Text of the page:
Liverpool play in their eighth European Cup final on Saturday night. Ahead of the showdown in Kiev with Real Madrid, Sportsmail unearthed seven stories to capture the joy and despair from their appearances in club football’s biggest game.
1 IAN CALLAGHAN 1977, Rome
v Borussia Monchengladbach: Won 3-1
We’d lost the FA Cup final to Manchester United the previous Saturday but any lingering disappointment disappeared the moment we set foot on the pitch in Rome. The scene in front of us, this huge sea of red, will stay with me for ever.
As we looked around the stadium, one of the boys said to me, “There is absolutely no way we can lose this one”. I wouldn’t say we felt invincible, but we just had this overwhelming feeling that we couldn’t let anyone down. It wasn’t a case of wanting to win — we had to win.
Everyone remembers our goals but the thing that stays in my mind is Ray Clemence’s save from Allan Simonsen when the score was 1-1. That changed the game. What a night it turned out to be. They set aside a buffet room back at our hotel and that’s where we celebrated with our wives.
Tommy Smith and Ian Callaghan after winning the European Cup in Rome back in 1977
2 KENNY DALGLISH 1978, Wembley
v Club Bruges: Won 1-0
My goal? Terry (McDermott) had gone through just before and I had seen the keeper go down. Maybe I was a wee bit selfish… Ray Kennedy was waiting in the middle. Then I was off. I jumped over the hoardings (to celebrate with the fans) but I had to step over them on the way back!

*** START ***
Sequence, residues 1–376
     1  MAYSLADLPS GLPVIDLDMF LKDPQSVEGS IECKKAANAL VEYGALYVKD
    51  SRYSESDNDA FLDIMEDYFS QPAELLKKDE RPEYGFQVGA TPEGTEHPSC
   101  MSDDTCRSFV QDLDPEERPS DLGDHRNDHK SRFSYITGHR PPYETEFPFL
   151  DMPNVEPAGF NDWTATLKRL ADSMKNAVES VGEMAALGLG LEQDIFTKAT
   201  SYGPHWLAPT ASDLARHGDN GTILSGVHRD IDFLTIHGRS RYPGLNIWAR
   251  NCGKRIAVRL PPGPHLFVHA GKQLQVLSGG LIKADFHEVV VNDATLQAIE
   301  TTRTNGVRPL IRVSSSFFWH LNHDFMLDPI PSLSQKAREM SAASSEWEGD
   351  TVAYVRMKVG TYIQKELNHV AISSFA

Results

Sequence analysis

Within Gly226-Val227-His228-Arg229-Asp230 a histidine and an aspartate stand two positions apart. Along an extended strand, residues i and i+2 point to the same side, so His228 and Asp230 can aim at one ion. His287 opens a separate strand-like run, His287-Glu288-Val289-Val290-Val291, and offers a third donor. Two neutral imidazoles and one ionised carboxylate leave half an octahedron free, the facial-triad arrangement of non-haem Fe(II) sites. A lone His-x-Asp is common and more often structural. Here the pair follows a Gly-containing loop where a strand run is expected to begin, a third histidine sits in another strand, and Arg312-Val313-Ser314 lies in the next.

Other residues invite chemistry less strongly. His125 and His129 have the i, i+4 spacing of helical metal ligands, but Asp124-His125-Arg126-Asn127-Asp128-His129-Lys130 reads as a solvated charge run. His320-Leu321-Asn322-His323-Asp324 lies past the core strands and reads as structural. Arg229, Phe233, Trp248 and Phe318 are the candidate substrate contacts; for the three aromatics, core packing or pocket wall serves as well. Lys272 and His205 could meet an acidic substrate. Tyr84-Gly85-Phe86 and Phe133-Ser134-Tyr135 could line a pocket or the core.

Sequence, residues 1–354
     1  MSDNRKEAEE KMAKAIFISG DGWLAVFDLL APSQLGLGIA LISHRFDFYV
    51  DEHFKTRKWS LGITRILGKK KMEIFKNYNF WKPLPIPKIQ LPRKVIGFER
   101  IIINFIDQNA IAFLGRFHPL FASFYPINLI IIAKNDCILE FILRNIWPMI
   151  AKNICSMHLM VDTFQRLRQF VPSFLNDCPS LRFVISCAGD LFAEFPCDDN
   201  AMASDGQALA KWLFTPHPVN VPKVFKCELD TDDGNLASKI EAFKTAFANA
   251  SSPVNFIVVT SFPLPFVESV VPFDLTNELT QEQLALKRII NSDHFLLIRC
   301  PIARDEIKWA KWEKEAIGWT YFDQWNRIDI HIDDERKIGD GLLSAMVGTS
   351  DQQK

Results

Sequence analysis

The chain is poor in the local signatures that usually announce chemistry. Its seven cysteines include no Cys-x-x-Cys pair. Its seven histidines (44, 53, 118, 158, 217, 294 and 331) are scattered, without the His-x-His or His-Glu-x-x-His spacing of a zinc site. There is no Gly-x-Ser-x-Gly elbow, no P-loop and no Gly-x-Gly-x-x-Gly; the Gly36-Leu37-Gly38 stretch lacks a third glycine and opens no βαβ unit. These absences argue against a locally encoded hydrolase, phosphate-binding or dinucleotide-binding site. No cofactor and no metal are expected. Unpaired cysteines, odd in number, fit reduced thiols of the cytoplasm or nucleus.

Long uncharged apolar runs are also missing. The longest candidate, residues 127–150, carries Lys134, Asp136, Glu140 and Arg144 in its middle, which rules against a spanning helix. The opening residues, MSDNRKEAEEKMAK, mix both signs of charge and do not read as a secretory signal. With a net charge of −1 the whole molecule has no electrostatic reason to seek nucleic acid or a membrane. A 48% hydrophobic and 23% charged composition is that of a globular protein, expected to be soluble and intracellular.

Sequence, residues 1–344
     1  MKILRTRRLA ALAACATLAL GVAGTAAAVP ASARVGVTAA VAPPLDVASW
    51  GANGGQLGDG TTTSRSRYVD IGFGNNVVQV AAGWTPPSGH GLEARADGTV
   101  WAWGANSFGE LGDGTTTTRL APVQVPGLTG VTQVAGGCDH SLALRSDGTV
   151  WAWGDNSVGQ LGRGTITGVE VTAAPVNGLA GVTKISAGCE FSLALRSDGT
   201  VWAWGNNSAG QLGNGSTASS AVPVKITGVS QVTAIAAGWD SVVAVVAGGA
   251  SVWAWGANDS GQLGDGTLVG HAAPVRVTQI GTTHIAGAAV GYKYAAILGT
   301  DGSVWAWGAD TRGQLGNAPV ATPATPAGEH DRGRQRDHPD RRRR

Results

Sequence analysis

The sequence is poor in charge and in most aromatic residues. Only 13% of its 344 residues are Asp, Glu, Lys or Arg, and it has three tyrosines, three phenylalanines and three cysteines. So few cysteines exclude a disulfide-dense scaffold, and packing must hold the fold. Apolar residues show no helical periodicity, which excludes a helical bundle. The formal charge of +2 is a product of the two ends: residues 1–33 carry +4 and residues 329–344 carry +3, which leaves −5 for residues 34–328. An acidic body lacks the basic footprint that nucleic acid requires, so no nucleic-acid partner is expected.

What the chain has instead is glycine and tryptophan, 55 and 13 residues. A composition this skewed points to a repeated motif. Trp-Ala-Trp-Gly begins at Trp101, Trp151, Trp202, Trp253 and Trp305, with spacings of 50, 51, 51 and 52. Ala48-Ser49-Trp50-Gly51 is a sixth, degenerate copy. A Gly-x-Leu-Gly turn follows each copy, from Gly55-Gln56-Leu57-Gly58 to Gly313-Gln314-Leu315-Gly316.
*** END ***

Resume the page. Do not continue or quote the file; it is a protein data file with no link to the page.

We took the Cup back to a private party and when we turned up all the supporters were there. The tour of the city was brilliant. If anyone needs an incentive to be successful, show them the tours of the city. They are absolutely unbelievable.
Kenny Dalglish triumphantly lifts the European Cup at the end of the game back in 1978
3 PHIL THOMPSON 1981, Paris
v Real Madrid: Won 1-0
It was imperative we won. We were at the peak of our powers and we felt we were the kings of Europe but we needed that trophy to confirm it. The game wasn’t memorable but, my God, the feeling of winning will stay with me for ever.
My hands were tingling from the final whistle as I just wanted to lift the trophy. It’s quite heavy but it felt like a feather when I received it. I could talk from now until tomorrow but I don’t think I’d be able to convey the pride I felt at that moment.
You couldn’t make up the stories that came afterwards. The most surreal moment was catching up with the open-top bus, having answered a call of nature, with (defender) Colin Irwin and our wives in an ice-cream van. The driver told us to have what we wanted, so we toasted the European Cup with four 99s!
Liverpool captain Phil Thompson parades the trophy after their 1-0 victory over Real Madrid
4 MARK LAWRENSON 1984, Rome
v Roma: Won on penalties (1-1 after extra time)
We travelled with Aer Lingus and had the same pilot, Barney Crohan, for every flight. When we were 20 minutes from Rome, I asked a stewardess if I could look around the cockpit and I ended up sitting in the jump seat as we came into land!
The experience of the game itself was crazy. I used to room with Phil Neal and we put the television on early in the afternoon and saw pictures of the Olympic Stadium and it was almost full to capacity. We looked at each other and said, “This is going to be lively”.